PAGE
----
For most people, a job interview is something you have to do only periodically throughout your career. It’s that nerve wracking moment where you’re sized up, asked ambiguous questions about your teamwork and professional skills and then ultimately judged as to whether what you’re offering is worth hiring. Even if you’re fortunate enough to snag the job, there’s yet another challenge of settling in to a new environment, building a relationship with your boss and being seen as the “new guy” on the team for quite a while. This whole experience is not something most people would willingly choose to do every month and certainly not every day.
But entrepreneurs do.
I often joke that as an entrepreneur, every day I wake up unemployed. Obviously this isn’t entirely true as commonly my clients are not just day to day, but at the start of any month they make the choice to hire me by continuing their services. Imagine how different a job would be if every month your boss had the opportunity to re-hire you, pause your work or end it all together. It’s a different career experience for sure – but hey, that’s what I’m after. It keeps me on my toes, always wanting to do my best and prove my worth. This, along with pitching to new clients, has also helped me become more comfortable and confident with interviews.
When I pitch to prospective clients, it’s usually a one-on-one meeting where I talk about my career experiences, my strengths and most importantly try to form a deeper connection with them and their business. For all intents and purposes—this is an interview. They need to see if my skills align with their needs, if I’ll be a good fit for their company culture and if they generally like and trust me. And similar to an interview, the fear of rejection will never fully go away because my desire for acceptance and validation is inherent. The pitching/interviewing part of my job is not the easiest but it’s one of the most necessary for growth.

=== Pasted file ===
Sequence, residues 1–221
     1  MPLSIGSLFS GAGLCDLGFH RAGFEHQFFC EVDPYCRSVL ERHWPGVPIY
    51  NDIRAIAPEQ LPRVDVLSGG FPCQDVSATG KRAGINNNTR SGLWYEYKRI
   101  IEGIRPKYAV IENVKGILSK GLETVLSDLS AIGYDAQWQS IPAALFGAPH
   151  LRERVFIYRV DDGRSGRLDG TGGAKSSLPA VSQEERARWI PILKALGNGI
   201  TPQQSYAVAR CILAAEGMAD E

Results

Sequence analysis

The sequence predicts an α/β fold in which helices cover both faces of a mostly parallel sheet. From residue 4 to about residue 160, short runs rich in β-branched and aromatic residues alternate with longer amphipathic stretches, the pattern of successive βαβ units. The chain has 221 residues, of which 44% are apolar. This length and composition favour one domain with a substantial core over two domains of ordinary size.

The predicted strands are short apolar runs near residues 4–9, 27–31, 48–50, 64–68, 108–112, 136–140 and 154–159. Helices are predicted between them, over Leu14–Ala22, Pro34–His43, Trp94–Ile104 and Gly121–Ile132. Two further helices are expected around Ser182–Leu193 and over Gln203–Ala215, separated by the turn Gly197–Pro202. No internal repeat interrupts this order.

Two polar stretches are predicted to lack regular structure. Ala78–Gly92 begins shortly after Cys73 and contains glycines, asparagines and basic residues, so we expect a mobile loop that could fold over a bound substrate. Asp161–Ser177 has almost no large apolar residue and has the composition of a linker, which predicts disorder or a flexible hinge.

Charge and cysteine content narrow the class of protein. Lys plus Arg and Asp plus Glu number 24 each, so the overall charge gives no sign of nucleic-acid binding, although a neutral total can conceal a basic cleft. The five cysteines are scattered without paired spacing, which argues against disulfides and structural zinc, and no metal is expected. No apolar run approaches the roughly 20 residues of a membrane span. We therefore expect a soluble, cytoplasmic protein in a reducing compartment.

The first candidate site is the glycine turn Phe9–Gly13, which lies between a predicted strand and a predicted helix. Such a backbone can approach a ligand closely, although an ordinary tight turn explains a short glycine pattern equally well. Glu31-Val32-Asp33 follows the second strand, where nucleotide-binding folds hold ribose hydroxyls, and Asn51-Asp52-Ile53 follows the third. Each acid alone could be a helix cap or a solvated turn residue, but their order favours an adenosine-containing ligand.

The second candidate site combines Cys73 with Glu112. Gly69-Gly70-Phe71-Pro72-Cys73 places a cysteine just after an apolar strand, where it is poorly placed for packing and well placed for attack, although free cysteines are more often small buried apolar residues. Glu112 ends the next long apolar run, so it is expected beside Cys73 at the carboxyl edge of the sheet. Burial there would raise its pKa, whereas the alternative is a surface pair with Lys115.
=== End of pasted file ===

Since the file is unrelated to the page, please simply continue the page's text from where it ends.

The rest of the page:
Being an entrepreneur technically makes me self-employed (at least that’s how I fill out my taxes), but I’ve found that while this does make me my own boss, it makes each of my clients my boss as well. This means that on any given day I may have upwards of 12 people asking me to do something. Because of this, much of the success of my business is dependent upon two things: 1) How well I can prioritize my tasks and 2) How efficiently I can complete them. Unlike a salaried position, I have full incentive to work quickly and take on as many clients as I can. Increasing my clients may mean increasing my “bosses” but it also means multiple paychecks.
When I hear someone say they have to go for an interview I often get nervous for them and think how glad I am I don’t have to do that. But then I stop and realize that I do; every day is an interview for me. And while this career choice may bring limited stability, it also brings endless possibilities.